Space Coast Daily Healthcare Headlines of the Week
By Dr. James Palermo // July 31, 2014
Topics Include: Flesh-Eating Bacteria; Generic vs. Brand Name; New Way To Overdose – and More
BREVARD COUNTY, FLORIDA — Welcome to SpaceCoastDaily’s Healthcare Headlines.
Acting Surgeon General Boris Lushniak, MD, MPH, wants us all to get less sun and especially to stay out of the tanning salon.
New melanoma cases have tripled over the last 30 years, with 63,000 new cases of melanoma diagnosed each year resulting in an estimated 9,000 annual deaths from the disease, many involving teens and young adults.
Dr. Lushniak addresses questions related to risks involving ultraviolet exposure, increased outdoor activities, and the indoor tanning industry and artificial sources of ultraviolet radiation, saying, “From our perspective, the real concern is that this is an increase, and we need to do something about it.” (Dennis, Washington Post, 7/29)
Vibrio vulnificus is a bacterium in the same family as those that cause cholera, normally lives in warm seawater and is part of a group of vibrios that are called “halophilic” because they require salt.
It can cause disease in those who eat contaminated seafood or have an open wound that is exposed to seawater. The bacterium is frequently isolated from oysters and other shellfish in warm coastal waters during the summer months.
The state reports at least 11 Floridians have contracted Vibrio vulnificus so far this year and two have died. According to the Center for Disease Control and Prevention (CDC), most people who contract a Vibrio vulnificus infection recover with the help of antibiotics, but severe skin infections may require surgery and amputation, and a weakened immune system presents risk for blood infections, which are fatal in half of the cases.
Although Vibrio vulnificus can be present in any warm seawater or brackish water ways, the majority of cases have been reported in the gulf coast states. (Moisse, ABC News, 7/29)
With the United Arab Emirates (UAE) ranked as the fifth most obese nation in the world, according to a 2012 report published in the BMC Public Health journal, and more than 66% of men and 60% of women in the UAE classified as overweight or obese, the government of its most populous city, Dubai, has implemented a program that uses gold as the “carrot” to incentivize weight reduction and a healthier life style.
“Dubai aims to be one of the healthiest cities in the world,” says Walid Al Shaibani, coordinator of the campaign, which is now in its second year, that pays people a gram of gold for every kilogram of weight they lose over a period of 30 days.
15,000 Dubai citizens have signed up so far. I suspect this initiative will be more effective than banning “Big Gulps” and discouraging Twinkies. (Malhotra, BMJ, 7/24)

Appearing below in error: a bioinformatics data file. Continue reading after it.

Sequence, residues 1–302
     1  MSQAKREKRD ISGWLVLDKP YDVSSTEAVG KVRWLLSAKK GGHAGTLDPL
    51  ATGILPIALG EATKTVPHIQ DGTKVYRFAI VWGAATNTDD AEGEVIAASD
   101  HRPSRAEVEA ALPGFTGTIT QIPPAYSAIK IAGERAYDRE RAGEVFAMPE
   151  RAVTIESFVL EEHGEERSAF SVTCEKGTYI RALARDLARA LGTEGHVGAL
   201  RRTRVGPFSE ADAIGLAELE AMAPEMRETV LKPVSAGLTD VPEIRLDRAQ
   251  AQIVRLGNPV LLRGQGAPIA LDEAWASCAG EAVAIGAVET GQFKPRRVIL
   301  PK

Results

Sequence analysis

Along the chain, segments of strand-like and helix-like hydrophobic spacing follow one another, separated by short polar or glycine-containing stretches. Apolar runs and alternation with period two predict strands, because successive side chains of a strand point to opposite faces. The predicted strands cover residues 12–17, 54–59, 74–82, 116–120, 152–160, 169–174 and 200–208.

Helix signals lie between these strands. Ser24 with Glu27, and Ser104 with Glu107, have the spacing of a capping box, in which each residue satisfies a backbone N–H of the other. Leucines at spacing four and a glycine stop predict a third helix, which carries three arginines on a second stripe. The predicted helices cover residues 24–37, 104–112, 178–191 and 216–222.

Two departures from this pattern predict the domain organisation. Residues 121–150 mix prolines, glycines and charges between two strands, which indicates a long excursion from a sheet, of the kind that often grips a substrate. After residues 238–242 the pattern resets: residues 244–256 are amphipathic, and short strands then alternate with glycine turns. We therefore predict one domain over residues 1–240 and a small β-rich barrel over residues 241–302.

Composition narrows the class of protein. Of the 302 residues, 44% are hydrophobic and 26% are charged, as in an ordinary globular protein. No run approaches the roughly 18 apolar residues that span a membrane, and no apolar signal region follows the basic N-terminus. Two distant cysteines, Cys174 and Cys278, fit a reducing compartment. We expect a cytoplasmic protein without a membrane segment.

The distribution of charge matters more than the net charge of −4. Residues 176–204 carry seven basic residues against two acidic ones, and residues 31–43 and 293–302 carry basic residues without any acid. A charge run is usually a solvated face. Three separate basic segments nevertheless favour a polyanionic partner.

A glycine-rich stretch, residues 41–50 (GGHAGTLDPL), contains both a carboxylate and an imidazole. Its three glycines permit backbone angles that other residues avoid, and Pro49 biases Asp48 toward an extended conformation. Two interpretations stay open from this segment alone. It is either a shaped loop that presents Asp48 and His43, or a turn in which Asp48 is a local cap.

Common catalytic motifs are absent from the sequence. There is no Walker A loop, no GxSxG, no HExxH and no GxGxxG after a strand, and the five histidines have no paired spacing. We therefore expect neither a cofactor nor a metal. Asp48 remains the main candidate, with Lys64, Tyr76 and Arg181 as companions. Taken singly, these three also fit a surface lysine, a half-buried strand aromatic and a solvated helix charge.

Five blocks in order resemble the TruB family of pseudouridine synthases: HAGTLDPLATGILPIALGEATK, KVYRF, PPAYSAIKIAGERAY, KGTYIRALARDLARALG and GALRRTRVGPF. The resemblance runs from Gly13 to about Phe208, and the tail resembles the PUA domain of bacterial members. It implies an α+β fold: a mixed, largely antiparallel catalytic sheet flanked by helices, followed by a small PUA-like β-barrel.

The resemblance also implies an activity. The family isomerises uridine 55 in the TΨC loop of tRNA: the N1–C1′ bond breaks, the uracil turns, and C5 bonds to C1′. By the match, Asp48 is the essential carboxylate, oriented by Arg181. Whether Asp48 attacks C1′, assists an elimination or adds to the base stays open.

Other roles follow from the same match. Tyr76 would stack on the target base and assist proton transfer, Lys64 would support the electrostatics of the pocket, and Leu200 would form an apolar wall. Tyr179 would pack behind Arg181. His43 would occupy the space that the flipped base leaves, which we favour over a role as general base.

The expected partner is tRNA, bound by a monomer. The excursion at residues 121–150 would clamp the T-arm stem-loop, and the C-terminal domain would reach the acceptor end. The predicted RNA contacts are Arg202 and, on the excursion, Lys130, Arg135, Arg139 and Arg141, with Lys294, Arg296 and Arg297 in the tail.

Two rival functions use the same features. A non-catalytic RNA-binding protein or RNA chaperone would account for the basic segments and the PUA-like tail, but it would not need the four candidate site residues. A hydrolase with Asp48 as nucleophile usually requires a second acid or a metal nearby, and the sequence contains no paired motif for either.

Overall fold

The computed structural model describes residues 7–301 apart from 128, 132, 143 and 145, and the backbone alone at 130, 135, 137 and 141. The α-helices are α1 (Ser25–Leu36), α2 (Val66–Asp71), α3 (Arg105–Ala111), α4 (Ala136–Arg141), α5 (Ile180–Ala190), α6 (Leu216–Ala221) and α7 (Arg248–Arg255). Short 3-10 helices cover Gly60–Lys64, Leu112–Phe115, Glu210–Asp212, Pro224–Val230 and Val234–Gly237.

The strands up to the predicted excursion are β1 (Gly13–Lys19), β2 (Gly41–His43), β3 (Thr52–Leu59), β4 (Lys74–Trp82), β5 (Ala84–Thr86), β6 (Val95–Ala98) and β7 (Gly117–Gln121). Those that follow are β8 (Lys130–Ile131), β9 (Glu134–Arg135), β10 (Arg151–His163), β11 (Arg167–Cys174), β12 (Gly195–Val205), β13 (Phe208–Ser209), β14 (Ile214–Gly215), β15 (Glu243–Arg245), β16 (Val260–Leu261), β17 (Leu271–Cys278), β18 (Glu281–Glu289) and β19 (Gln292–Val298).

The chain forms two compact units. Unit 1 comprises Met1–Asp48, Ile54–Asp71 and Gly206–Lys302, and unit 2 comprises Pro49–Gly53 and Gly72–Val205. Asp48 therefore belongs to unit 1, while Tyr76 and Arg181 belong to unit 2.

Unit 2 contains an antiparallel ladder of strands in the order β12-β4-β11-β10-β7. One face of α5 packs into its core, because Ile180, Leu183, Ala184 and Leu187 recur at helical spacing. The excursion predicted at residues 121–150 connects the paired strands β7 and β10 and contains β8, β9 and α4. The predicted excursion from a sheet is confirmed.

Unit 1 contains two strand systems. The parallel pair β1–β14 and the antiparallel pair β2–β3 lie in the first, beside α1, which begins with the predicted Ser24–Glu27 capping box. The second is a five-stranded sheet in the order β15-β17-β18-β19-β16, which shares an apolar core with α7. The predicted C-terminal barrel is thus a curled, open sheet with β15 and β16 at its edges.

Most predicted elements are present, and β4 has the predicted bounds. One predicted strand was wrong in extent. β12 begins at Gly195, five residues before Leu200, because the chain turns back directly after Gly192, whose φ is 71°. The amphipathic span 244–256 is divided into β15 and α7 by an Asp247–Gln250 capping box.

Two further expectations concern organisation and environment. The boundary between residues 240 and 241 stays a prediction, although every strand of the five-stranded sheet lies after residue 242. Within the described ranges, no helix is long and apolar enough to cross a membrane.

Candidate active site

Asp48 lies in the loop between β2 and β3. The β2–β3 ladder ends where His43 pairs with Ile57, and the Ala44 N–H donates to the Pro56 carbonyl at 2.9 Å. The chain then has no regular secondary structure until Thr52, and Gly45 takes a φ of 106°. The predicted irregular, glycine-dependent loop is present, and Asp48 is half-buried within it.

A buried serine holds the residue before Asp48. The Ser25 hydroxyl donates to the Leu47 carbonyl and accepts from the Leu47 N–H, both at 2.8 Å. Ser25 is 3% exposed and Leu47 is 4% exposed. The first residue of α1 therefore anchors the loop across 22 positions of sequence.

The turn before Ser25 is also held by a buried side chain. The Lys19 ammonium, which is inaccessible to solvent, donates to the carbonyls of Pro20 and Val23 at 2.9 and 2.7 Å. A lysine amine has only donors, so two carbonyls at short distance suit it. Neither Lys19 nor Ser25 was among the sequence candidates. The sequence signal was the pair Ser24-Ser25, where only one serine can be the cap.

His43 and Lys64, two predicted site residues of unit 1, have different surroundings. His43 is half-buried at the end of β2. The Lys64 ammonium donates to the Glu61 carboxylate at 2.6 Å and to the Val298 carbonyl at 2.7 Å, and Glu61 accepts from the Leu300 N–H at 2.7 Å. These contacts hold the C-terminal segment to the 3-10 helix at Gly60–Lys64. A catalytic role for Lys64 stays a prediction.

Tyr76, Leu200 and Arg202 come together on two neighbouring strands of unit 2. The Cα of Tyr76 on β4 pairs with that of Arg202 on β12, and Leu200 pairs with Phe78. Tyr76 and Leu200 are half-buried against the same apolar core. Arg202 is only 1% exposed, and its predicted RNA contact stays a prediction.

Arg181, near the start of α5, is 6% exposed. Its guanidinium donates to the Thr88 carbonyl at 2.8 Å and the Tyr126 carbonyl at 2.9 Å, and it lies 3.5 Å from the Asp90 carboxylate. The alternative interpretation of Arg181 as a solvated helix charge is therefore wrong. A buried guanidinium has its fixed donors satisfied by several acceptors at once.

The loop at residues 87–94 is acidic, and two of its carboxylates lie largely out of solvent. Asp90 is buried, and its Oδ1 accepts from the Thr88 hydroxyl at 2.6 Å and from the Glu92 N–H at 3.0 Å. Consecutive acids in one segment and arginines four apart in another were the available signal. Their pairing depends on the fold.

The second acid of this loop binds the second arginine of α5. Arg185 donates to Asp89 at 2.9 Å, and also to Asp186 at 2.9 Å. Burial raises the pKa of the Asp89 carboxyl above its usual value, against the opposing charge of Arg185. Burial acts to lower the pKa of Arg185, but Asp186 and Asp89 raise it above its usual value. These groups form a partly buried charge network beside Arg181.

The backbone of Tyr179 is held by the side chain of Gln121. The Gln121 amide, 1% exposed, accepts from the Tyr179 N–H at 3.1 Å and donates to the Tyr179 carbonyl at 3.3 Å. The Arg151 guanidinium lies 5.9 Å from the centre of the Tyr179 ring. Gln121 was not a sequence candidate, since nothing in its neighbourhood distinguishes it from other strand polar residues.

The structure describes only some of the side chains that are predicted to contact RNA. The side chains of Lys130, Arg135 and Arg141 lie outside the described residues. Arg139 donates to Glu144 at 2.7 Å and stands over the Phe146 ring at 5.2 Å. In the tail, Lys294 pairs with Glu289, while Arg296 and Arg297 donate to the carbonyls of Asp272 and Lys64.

Smart people buy generic, whether it’s meds or groceries or anything else, say economists from Tilburg University in the Netherlands and the University of Chicago in newly published research appearing in the National Bureau of Economic Research.
According to the researchers, pharmacists and doctors buy generic over 90% of the time, and Americans “waste” an estimated $44 billion a year on brand-name products. (KURTZ, CNN, 7/25)
The Affordable Care Act (ACA, aka Obamacare) provision known as the medical loss ratio (MLR) mandate requires that insurers spend roughly 80 percent of all premiums paid by policyholders on healthcare services rather than on marketing, executive bonuses, other administrative costs or profits. If spending for non-healthcare services exceeds 20% of premiums collected, insurers must return the excess as a rebate to their members.
This year’s rebate payout (based on 2013 data) by Florida insurers totals $41.7 million, the highest by far of any other state, with Florida Blue (Blue Cross and Blue Shield of Florida and Health Options) leading the way at a $20 million pay-back to their individual and employer beneficiaries.
Now in its third year, the consumer refunds for 2013 total $330 million nationwide, but even greater consumer savings has resulted from the impact of more efficient administration on premium costs. (Gentry, Health News Florida, 7/24)
Just what the medical world needed — another way for humans to overdose, and it’s sold in bulk bags over the internet.
An Ohio teen’s sudden death in May has focused attention on caffeine powder, which until recently was unregulated, but now has drawn a warning from the Food and Drug Administration (FDA) urging consumers to avoid it.
These caffeine products are essentially 100 percent caffeine, a very powerful stimulant, with a single teaspoon being roughly equivalent to the amount in 25 cups of coffee.
Very small amounts may cause accidental overdose. Symptoms of caffeine overdose are much more severe than those resulting from drinking too much coffee, tea or other caffeinated beverages, and can include rapid or dangerously erratic heartbeat, seizures, vomiting, diarrhea, stupor, disorientation and death. Parents beware–these types of products may be attractive to young people. (Sanners, The Daily Star, 7/22)